Posterior Chain Basics: Power ProductionPosted by: admin | Posted on: December 8, 2020
Firstly let’s examine what makes up the posterior chain (p. chain). For the purposes of this article, the p. chain is defined by the calves, hamstrings, glutes, and lower back. Essentially, the p. chain is made up of all of the muscles to the rear of your midline from your lower back to your heels. The word “posterior” is used anatomically to describe anything to the rear, hence the muscle group to our rear.
The function of the p. chain (amongst other things) is to extend the ankle, knee and hip joint. This is also known as triple extension. If you imagine being in the lower squat position, triple extension is the motion that is responsible for getting you back into the standing position. With this in mind, triple extension is power generation from the ground up in linear forward motion.
A handy advantage to having a strong posterior chain is extra protection from lower back injury. This is all too common in strength and power athletes, more so in the general public or gym punter who spends countless hours on arms, abs, chest, arms and arms. Developing the posterior chain It’s no secret, though it is widely neglected, (in this author’s gym anyway) to train in the movements you need to get strong in. For about 99.9% of us, that means training the triple extension. This is because a great deal of us generate postural imbalances from sitting down all day, causing the anterior chain (the muscles opposing the posterior chain) to remain shortened for prolonged periods of time. Cure = stretch the anterior chain and train the p. chain.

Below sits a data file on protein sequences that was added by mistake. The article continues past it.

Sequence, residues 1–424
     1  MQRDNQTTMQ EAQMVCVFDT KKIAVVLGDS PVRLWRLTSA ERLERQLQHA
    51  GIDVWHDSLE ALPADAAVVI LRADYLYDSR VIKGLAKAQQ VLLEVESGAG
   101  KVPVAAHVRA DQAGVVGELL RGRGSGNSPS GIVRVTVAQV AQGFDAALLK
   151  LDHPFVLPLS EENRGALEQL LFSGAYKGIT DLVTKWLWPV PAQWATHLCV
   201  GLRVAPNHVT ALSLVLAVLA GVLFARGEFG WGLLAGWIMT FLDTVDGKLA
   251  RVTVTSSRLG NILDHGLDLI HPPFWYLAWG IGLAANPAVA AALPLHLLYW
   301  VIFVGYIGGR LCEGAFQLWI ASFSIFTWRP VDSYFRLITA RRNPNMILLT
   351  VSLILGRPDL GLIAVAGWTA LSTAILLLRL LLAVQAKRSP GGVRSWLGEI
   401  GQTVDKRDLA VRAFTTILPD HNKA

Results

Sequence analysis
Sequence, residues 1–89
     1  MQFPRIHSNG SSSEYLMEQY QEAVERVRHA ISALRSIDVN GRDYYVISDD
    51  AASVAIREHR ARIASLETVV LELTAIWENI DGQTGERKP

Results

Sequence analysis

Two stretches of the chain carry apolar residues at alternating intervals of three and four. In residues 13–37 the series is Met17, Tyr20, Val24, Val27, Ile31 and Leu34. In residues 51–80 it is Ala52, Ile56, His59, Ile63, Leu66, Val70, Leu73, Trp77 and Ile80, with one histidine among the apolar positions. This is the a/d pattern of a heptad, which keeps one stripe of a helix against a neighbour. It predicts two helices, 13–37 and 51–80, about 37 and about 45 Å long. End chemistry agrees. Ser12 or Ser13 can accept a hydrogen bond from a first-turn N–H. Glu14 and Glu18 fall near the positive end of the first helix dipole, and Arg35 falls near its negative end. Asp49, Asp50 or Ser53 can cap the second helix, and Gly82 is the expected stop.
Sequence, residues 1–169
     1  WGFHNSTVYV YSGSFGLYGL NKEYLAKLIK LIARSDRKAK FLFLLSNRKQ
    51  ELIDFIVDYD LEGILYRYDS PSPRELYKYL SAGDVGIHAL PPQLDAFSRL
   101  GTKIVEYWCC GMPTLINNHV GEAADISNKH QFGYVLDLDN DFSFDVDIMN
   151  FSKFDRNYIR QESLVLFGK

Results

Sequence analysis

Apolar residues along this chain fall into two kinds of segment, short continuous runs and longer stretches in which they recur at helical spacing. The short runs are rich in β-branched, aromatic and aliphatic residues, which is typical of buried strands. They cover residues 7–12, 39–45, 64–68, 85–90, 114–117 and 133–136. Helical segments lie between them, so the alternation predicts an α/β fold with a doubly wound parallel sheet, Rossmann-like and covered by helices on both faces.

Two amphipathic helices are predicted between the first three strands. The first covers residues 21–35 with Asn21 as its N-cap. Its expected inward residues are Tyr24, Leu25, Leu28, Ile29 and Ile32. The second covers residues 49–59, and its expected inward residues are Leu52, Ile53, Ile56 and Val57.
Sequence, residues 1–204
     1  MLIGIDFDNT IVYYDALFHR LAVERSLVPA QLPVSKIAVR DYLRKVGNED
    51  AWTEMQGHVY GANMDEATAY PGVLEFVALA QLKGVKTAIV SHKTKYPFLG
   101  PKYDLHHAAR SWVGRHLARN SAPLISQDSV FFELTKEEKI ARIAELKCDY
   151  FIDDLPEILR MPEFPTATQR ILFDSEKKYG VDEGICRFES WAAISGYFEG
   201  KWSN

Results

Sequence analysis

“How the heck do you do it?” you ask. Well, your best bet is completing any exercises that involve loaded or unloaded triple extension. Squatting is king. From a powerlifting and sports power coaching perspective, full depth squats are unrivalled when it comes to p. chain development. Don’t believe it? That’s cool, ask any strength and conditioning coach worth his or her weight in salt how they visually assess an athlete’s power production with no prior knowledge. Serious dollars would go on an answer like “the size of his/her ass”. Big powerful glutes generate big power, pretty simple.